Memories of The Cinque Terre

I still go through our travel photos at least once a week, sometimes two or three times. I’ll think of something we saw or did or ate, and I immediately want to go back and look, and think about it some more. I think about the pictures I took and why, and they usually jolt my memory some more. Anyway, I would like to occasionally write about these memories as they arise. It won’t happen weekly, maybe only once a month or so, I don’t want to write a travelogue either, but just general memories of a place we were fortunate to visit, and show that even the shortest bit of travel can be an adventure.

Visiting the Cinque Terre was a dream fulfilled for me.

Cinque Terre National Park in northwest Italy had been on my bucket list of places I wanted to visit for as long as I can remember. One year I even planned for our family to rent a house there for the summer, but the cutback in Brett’s hours that year and our increasing debt put an end to that plan. So, when we scheduled a month’s stay in Florence I knew this was our chance to visit, and we scheduled an overnight getaway. Because of heavy rains in the area we had to postpone our trip by a couple of weeks, but were easily able to change both our train tickets and our hotel reservation.

Everywhere in Monterosso al Mare was deserted as the summer season had officially ended.

We started our visit by taking the train all the way up to the northernmost village, Monterosso al Mare. The ride from Florence took around three hours, and we had beautiful views along the way, including the Carrerra quarries (where Michelangelo got his marble) and Pisa, where we got a clear view of the Leaning Tower from the train. There were few people on the train though, and when we stepped off in Monterosso it was like entering a ghost town. What we didn’t know was that “the season” had ended a week earlier and few visitors were heading to the area. Shops and restaurants around the village were closed, the beach was deserted, and there were really no people around. We wandered around for a few minutes, found one open restaurant and had delicious seafood lunch, but then headed back to the train station and hopped on the next train to the next village, Vernazza.

We did not realize at first that we had boarded an express train, with the next stop Spezia! We forlornly watched the other four Cinque Terre stations speed by our window as the train rushed through each station. At Spezia we licked our wounds, figured out the schedule for the next train that was stopping at Vernazza, and were eventually back on our way.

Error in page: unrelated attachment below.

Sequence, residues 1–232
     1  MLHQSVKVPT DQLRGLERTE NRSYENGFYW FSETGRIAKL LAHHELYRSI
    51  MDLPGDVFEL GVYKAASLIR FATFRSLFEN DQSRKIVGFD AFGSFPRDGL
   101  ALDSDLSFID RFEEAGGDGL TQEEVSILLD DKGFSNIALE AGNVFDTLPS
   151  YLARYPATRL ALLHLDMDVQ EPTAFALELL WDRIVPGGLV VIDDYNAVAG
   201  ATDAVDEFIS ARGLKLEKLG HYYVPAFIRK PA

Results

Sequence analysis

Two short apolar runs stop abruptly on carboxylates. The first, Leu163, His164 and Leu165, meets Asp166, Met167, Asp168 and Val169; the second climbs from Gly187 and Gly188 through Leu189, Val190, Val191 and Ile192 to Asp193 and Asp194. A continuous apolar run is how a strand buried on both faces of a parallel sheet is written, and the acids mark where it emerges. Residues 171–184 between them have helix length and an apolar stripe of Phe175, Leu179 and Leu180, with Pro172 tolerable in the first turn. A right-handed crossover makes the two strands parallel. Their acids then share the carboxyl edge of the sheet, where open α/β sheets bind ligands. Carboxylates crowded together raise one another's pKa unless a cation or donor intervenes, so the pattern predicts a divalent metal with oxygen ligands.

Late afternoon and sunset in Vernazza

Vernazza in late afternoon was lovely, with people out and about. It was full of colorful buildings and streets, and had a picturesque harbor. Shops and restaurants were open, and we stopped at a gelateria to get our daily fix. Fishing boats were done for the day and had been pulled up out of the water, but we sat on some rocks by the harbor and watched the sun go down over the Mediterranean. Afterwards we climbed back up the hill to the station, and caught the train to Manarola. We had decided to skip the village of Corniglia because of the time, and because it also required a steep climb from the station to reach it, something we definitely didn’t want to do in the dark.

The village of Corniglia, seen from Manarola. The train station is at the bottom right.

The sun was almost completely down when we reached Manarola, so we set our hotel’s location in Google Maps and started out. What we didn’t realize was that Google Maps gave us directions that looked good on paper but that would not actually get us to our hotel! We went around in circles for a while, but eventually stopped back at a restaurant in the main square and the owner sent us off in the right direction (the opposite of where Google Maps had sent us). It was now pitch dark, there were no street lights or street signs, and we wound our way up to the hotel using the flashlights on our phone, still having no idea if we were going the right direction or not. We eventually reached our hotel, with the owner leaning out the window waiting for us, worried that we were never going to show up (we were his only booking that night). He recommended a restaurant down the hill for dinner, but at that point we were so exhausted and grateful to have found our hotel that we instead went straight to bed and were asleep in moments.

The road to our hotel, as seen in the light the next morning. The hotel, at the top of the stairs in the background, was located on the highest row of buildings in the village.